(A/N: Post title is a play on the song Places That Don’t Exist by Conjure One.)
Two of the first things people want to know upon learning I’m writing is historical fiction novel is where and when it takes place.
The answers, for the record, is England in the early 1200s, but there’s so much more involved in creating a story setting in any genre than just choosing an era and location on a map. There’s even more to it than just descriptions of what the building and scenery look like.
In his book Characters & Viewpoint, science fiction author Orson Scott Card refers to the setting of a story as the milieu, which he defines as the following:
The milieu is the world surrounding characters – the landscape, the interior spaces, the surrounding cultures[,] … everything from weather to traffic laws. [It] includes all the physical locations that are used … with all the sights, smells, and sounds that come with the territory. The milieu also includes the culture – the customs, laws, social roles and public expectations that limit and illuminate all that a character things and feels and says and does. (pp. 48-49).
Readers love to feel as though they’ve been transported into the world of the story. A large part of that is achieved by creating an authentic setting. One thing a writer can do to better capture both the structure and mood of where his/her story takes place is to visit the site in real life. Reference books and Google Maps, after all, can only take you so far.
I indeed visited that part of England where my novel-in-progress is set, however, my novel-in-progress is historical fiction, which means the locale I toured through last summer is a much different place now than it was eight hundred years ago. The specific era of my story setting is long bygone, and very little in its modern incarnation can be back-cast to the past.
This thus leads me to wonder: when it comes to the task of creating a sense of place out of places that don’t exist anymore, is my job as a historical fiction writer easier or more difficult than that of writers of other genres?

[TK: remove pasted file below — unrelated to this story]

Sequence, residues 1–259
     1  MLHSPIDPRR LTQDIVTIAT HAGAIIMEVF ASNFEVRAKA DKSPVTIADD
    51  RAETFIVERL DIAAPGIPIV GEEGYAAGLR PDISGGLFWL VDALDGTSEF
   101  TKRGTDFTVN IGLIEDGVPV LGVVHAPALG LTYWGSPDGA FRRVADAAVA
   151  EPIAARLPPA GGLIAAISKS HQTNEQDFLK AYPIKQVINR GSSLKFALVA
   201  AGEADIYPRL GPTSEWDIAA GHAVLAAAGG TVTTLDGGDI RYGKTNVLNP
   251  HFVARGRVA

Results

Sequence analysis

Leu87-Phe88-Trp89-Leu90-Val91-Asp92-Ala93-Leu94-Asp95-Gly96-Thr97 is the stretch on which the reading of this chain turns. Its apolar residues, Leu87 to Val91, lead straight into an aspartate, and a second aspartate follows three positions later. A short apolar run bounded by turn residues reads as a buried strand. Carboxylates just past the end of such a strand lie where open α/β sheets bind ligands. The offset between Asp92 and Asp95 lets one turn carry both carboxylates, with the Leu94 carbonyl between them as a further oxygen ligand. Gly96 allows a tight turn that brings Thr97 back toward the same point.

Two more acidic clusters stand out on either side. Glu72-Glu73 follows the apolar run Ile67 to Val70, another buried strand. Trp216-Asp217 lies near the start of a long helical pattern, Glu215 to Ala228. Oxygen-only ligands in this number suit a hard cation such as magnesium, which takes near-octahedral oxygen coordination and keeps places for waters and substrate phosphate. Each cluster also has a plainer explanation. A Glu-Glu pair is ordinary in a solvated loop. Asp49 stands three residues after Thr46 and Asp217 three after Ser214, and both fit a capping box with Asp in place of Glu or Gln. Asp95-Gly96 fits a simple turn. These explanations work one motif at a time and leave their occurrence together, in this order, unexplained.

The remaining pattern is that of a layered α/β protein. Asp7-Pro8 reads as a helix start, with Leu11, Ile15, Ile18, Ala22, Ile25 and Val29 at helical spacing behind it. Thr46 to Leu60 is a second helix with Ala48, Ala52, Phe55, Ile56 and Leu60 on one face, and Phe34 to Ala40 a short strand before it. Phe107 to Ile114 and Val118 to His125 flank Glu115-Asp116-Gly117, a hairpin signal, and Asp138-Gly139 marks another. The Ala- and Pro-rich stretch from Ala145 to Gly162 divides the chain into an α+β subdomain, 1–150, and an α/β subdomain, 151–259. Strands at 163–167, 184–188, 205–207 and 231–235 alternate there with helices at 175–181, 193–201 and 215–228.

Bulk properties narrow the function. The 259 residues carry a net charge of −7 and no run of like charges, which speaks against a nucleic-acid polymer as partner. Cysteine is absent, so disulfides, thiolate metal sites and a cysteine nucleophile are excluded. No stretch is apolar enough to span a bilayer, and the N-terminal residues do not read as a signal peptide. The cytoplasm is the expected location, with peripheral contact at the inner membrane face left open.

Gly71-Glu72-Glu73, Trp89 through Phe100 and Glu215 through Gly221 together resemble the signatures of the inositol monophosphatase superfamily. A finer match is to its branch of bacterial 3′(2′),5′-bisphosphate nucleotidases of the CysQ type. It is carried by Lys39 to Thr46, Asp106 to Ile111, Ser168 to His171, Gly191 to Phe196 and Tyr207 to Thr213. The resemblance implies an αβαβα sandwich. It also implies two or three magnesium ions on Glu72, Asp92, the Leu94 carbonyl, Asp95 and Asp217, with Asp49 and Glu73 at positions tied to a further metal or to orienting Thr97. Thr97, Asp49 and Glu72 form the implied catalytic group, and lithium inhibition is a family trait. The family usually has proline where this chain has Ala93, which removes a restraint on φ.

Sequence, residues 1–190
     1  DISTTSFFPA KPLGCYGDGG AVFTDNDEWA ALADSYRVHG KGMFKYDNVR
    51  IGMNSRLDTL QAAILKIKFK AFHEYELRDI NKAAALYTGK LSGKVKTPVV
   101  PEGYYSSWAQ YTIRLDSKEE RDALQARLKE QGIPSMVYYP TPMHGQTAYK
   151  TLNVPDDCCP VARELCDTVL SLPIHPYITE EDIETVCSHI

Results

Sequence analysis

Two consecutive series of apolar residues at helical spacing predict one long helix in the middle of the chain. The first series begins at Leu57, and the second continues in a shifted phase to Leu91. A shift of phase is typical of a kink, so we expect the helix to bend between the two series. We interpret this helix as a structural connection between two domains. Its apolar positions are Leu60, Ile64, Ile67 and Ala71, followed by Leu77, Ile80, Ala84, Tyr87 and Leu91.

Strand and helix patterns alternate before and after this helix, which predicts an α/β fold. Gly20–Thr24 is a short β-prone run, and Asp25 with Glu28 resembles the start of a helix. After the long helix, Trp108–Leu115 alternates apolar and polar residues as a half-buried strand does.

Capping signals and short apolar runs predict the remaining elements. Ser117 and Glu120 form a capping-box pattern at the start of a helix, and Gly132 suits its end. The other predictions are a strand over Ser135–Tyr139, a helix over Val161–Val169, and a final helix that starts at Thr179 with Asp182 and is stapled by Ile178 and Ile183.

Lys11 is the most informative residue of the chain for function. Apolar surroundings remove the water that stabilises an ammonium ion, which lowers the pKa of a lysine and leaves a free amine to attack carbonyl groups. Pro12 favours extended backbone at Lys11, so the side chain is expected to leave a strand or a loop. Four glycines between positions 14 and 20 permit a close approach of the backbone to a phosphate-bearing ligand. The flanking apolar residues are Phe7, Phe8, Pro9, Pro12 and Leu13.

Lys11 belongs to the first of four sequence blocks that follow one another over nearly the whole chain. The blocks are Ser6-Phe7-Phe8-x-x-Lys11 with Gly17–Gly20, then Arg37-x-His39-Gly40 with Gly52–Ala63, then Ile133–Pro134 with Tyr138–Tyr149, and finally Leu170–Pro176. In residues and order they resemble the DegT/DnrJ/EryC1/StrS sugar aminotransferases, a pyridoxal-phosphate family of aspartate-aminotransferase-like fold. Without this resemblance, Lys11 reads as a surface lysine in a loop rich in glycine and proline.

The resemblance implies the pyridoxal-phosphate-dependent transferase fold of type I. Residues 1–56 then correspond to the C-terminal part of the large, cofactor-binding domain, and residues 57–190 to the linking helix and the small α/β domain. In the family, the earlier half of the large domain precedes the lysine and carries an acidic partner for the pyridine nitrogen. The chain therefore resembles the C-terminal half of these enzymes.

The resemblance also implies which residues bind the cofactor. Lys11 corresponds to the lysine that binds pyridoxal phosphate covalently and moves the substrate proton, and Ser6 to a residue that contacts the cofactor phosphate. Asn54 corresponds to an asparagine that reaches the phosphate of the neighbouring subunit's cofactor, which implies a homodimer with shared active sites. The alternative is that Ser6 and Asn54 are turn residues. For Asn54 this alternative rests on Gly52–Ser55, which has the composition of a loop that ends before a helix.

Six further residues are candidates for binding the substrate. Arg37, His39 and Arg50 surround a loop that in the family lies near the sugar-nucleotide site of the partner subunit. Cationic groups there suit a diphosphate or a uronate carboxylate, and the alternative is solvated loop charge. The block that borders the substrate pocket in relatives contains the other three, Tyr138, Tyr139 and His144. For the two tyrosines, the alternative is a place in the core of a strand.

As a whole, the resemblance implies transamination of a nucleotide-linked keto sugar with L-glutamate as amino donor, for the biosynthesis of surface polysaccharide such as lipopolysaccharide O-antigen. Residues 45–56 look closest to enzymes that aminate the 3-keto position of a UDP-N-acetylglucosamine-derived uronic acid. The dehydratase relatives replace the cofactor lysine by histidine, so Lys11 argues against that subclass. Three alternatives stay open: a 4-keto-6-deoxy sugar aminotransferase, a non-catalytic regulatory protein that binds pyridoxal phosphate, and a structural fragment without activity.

Dressing a historical set
In my opinion, the answer is both.
It’s easier in that no one – not even medieval historians – knows for 100% certain what life, living conditions, and the local environment was like back then. Therefore, the chance of being called out for getting the setting wrong is hopefully reasonably low, especially if I adhere to three guidelines I’ve devised for re-creating historical locales:
- Make appropriate use of an appropriate number of historical research sources
- In the case of gaps in recorded history, don’t fill in that gap with anything that didn’t occur somewhere else during the same era (i.e. make it credible)
- If making the above in-credible, hand-wave like hell and pray no one notices.
This is in contrast to stories set in more modern times where even if people haven’t experienced a particular location personally, they can probably call up a fair approximation based on similarities to places they have witnessed firsthand.
However, there’s a downside to working within a setting of which the average person can neither confirm nor dispute its accuracy: the fact that the setting is likely to be so alien and divergent from modern (North American) sensibilities and knowledge and ways of life, it may prove impossible to truly sink the reader into it.
I have a guideline for that as well: I make the main character act as a tour guide.
The “MICE” quotient